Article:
Salamander .NET DeProtector is a sample program that can dump all .NET assemblies that are loaded inside a process by the CLR engine. Whether the assemblies are encrypted or not, by the time CLR executes them, they must be in their original format, which is how protected assemblies can be decrypted. This illustrates that whole assembly protection is not a good way to protect intellectual properties.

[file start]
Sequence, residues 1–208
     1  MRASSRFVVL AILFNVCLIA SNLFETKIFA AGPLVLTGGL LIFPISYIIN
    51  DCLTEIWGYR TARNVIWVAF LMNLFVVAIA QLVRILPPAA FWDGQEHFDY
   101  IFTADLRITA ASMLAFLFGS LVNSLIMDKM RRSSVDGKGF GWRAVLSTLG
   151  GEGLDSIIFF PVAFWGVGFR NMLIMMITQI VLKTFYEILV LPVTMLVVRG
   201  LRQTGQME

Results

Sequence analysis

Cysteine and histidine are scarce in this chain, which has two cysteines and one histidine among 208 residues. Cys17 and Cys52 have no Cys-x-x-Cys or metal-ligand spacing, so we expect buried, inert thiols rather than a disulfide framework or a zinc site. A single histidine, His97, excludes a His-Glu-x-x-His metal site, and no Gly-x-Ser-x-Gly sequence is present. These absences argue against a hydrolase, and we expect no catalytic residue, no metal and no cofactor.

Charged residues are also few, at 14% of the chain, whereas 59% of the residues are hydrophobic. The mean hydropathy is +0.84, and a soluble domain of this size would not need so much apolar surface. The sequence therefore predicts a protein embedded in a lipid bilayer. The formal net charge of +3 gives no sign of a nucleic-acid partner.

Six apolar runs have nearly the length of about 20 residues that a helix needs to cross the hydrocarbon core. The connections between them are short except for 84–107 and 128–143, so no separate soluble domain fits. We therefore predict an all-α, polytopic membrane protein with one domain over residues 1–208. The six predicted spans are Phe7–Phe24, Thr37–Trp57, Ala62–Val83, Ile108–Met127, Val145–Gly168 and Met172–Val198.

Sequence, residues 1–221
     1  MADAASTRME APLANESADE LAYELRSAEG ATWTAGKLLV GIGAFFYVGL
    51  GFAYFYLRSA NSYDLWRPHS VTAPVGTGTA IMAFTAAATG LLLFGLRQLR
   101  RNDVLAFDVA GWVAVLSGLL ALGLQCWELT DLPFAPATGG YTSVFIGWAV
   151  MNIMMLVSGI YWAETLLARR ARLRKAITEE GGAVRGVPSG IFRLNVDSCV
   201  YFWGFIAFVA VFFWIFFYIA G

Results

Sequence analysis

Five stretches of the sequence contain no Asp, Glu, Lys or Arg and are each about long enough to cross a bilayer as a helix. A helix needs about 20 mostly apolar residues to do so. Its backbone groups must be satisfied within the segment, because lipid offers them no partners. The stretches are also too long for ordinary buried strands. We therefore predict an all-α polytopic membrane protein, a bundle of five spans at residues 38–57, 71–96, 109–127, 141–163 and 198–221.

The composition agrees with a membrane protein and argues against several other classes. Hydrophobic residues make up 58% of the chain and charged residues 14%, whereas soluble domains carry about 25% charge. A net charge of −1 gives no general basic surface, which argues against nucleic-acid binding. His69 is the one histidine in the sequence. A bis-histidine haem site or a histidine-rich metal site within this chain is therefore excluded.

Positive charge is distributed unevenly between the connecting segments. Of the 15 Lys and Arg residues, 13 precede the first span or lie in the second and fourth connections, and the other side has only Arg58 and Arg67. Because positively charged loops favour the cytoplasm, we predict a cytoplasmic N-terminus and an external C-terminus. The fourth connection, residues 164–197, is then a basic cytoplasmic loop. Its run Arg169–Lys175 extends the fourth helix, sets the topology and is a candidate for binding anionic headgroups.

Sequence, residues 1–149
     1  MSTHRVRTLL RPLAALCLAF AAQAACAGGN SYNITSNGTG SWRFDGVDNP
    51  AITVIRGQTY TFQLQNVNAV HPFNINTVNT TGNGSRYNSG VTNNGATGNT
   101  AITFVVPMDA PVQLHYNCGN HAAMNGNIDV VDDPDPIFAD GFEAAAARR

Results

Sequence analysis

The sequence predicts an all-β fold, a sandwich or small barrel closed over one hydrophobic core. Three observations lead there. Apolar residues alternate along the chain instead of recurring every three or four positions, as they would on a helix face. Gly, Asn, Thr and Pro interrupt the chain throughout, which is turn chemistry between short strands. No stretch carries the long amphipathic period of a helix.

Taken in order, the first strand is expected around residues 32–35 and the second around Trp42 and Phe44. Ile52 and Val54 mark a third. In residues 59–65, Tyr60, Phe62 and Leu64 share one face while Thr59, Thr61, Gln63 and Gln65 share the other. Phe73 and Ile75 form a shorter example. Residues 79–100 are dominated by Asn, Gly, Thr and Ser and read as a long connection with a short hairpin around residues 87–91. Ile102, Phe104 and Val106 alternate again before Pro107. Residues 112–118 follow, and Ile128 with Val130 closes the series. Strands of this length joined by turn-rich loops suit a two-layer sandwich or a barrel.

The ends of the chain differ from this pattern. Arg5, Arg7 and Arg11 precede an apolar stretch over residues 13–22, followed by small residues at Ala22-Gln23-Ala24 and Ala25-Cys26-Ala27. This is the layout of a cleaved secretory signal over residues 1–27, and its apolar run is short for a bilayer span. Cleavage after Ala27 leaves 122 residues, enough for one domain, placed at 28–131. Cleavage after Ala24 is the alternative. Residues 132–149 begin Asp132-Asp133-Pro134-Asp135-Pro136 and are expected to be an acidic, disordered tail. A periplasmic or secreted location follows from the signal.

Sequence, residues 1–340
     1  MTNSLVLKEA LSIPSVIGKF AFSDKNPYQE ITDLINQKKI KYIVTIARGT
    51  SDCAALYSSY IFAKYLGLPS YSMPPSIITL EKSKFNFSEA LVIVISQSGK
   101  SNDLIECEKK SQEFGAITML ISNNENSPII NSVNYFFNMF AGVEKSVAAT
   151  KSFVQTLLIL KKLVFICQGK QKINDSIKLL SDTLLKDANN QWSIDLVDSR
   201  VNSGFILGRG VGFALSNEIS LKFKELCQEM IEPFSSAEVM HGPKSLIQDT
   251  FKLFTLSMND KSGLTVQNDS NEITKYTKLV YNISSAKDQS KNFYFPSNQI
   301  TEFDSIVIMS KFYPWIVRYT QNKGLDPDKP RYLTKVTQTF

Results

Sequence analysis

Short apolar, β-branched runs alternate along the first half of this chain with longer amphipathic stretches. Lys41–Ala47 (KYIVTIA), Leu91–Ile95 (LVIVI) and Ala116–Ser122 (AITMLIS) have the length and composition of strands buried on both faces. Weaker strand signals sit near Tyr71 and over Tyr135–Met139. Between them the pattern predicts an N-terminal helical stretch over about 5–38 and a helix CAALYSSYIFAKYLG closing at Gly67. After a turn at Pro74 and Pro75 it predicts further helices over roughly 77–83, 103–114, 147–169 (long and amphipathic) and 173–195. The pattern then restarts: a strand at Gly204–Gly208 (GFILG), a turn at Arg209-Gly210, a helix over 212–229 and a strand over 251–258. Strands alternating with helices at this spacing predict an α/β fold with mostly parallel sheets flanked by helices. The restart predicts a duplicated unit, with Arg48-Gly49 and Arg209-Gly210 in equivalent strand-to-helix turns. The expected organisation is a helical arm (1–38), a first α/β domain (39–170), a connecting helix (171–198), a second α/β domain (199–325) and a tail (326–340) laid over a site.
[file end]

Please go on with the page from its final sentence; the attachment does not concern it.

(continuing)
Whole assembly protection utilizes a tool to transform a .NET assembly to an encrypted format, and together with a native loader embedded to create a native image. Since the assembly is now a native image same as those compiled from visual c++ 6.0, it will not be recognized by any .NET decompilers and .NET disassemblers, and thus achieve protection. On the surface, it appears that a great deal of protection has been achieved, since people can no longer see any class/method names, MSIL code, resources, etc. This is why there are vendors that claim that their products protect everything. However, all of such protections are not able to overcome this, namely, the .NET Framework runtime only understands assemblies in specified .NET format. In other words, by the time CLR engine is executing, the protected assembly must somehow recover to its original format with all protection and encryption removed. If at this moment, they are dumped out from the address space, then the protection is perfectly defeated. Since .NET Framework is an open standard, they are many ways to get into its runtime address space. Therefore, it's very easy to undo whole assembly protection.
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